« Earning a Living » and the Dilemma of Unpaid Work

Un article en anglais de D. JoAnne Swanson sur son site détaille les souf­frances liées à l’emploi subi, et la libé­ra­tion poten­tielle du tra­vail avec un reve­nu de base incon­di­tion­nel.

It’s dee­ply iro­nic that one of the most com­mon objec­tions to UBI is a fear that people wouldn’t work. Only a culture dee­ply inves­ted in the notion that remu­ne­ra­tive work must entail suf­fe­ring would enter­tain such a pre­pos­te­rous idea so wide­ly and serious­ly. The truth is just the oppo­site : UBI enables work. It’s an invest­ment in human poten­tial. It’s a vote for a world where work is done by true consent, rather than by coer­cion born of the need to « earn a living » and the struggle to sur­vive. It frees us up to do things we enjoy, ins­tead of just taking any job to pay the bills. It enables us to do valuable unpaid crea­tive work, domes­tic work, or caring labor without having to go hun­gry or stay in unheal­thy rela­tion­ships for finan­cial rea­sons. Not having UBI is in fact pre­ven­ting a lot of us – myself inclu­ded – from wor­king to our full poten­tial.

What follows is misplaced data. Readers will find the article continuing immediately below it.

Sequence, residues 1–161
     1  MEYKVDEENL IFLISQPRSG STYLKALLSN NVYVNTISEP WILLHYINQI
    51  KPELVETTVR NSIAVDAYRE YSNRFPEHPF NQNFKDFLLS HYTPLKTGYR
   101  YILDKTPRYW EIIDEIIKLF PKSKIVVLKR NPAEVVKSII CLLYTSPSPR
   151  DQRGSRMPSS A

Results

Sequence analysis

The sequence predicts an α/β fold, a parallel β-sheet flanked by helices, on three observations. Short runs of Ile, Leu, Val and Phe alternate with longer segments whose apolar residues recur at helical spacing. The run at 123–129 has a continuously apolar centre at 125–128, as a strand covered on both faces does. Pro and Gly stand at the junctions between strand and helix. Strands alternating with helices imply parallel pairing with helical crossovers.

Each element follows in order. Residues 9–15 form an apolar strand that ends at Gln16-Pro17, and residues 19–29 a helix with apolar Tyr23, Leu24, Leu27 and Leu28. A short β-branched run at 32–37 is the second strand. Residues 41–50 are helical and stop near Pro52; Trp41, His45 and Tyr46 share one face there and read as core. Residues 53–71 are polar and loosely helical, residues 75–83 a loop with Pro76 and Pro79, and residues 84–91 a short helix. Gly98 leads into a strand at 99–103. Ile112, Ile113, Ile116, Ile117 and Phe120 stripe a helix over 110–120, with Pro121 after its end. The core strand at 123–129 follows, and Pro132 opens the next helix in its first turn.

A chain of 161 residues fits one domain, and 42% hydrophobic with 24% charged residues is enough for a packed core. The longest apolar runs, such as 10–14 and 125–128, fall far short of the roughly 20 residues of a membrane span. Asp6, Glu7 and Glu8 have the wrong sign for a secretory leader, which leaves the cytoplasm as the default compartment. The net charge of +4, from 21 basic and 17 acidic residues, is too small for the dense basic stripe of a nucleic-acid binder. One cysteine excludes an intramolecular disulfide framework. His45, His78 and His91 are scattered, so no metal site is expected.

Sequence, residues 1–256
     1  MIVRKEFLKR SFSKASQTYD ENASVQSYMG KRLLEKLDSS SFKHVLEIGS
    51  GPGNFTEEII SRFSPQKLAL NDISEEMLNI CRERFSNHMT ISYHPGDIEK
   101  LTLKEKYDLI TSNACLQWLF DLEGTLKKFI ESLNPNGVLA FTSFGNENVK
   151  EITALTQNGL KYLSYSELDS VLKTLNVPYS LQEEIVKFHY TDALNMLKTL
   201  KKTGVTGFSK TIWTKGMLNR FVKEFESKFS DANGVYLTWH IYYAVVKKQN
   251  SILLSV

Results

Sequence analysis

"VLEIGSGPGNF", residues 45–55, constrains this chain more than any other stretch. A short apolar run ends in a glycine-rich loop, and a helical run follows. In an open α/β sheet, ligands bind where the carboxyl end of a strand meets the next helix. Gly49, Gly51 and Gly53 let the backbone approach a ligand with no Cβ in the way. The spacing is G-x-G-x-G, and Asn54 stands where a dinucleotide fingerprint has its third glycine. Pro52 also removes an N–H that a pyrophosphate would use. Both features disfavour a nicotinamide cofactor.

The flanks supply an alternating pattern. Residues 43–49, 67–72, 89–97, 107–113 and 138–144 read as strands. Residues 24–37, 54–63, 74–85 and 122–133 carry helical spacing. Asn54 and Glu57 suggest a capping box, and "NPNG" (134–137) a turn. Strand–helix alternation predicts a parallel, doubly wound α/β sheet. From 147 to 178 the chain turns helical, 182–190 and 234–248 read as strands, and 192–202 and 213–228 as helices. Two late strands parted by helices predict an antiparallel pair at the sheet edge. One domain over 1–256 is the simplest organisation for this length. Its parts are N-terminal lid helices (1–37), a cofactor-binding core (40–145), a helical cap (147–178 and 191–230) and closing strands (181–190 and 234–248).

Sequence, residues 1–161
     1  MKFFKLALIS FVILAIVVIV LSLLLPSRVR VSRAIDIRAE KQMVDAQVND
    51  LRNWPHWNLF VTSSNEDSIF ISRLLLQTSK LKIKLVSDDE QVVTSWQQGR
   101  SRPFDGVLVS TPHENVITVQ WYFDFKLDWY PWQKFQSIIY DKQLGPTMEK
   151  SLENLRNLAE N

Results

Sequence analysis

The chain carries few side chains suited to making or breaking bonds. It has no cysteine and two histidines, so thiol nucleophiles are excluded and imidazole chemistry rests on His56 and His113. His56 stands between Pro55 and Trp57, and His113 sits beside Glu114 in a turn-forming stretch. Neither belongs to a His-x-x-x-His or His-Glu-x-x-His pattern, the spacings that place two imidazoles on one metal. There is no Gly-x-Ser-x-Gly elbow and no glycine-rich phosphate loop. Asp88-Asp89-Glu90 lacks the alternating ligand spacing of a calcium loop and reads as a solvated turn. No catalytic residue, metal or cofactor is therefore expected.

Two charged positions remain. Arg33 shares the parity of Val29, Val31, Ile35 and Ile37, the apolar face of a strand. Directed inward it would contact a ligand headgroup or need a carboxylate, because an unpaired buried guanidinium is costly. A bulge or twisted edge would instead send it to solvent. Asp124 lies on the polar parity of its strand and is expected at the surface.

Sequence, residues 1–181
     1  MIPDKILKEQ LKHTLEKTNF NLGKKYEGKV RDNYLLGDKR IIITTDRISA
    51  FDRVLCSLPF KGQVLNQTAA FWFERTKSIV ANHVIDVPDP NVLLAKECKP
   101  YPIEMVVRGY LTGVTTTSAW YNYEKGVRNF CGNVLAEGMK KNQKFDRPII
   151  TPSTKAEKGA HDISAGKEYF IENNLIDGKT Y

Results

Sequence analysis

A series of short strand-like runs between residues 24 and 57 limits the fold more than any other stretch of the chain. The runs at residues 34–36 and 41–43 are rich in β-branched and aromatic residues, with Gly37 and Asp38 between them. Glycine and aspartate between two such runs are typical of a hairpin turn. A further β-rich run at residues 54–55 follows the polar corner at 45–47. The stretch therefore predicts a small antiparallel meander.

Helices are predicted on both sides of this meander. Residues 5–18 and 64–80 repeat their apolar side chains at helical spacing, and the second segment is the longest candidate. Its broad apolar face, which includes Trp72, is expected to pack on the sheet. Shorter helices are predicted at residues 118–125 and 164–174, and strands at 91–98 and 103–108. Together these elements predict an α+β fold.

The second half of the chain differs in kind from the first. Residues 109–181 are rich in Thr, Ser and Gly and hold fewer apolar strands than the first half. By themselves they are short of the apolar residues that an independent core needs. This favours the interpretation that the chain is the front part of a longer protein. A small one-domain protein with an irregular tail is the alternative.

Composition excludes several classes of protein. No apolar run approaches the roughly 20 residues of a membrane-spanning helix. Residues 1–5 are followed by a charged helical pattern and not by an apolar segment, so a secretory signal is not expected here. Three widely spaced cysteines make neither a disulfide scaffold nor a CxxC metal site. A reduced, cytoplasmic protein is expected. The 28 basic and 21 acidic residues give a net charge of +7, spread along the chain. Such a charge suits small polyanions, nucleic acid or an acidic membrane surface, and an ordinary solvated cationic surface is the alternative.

It’s help­ful to ack­now­ledge that there’s a dif­fe­rence bet­ween jobs and work. Upon recei­ving UBI, undoub­ted­ly many people would quit jobs they hate, or jobs they’ve taken most­ly for a pay­check. But very few would stop wor­king alto­ge­ther.

With UBI, jobs would be freed up for people who actual­ly want them, and those of us who do unpaid work wouldn’t be for­ced to com­pete with them for those jobs.


Illustration : © The Anticareerist.

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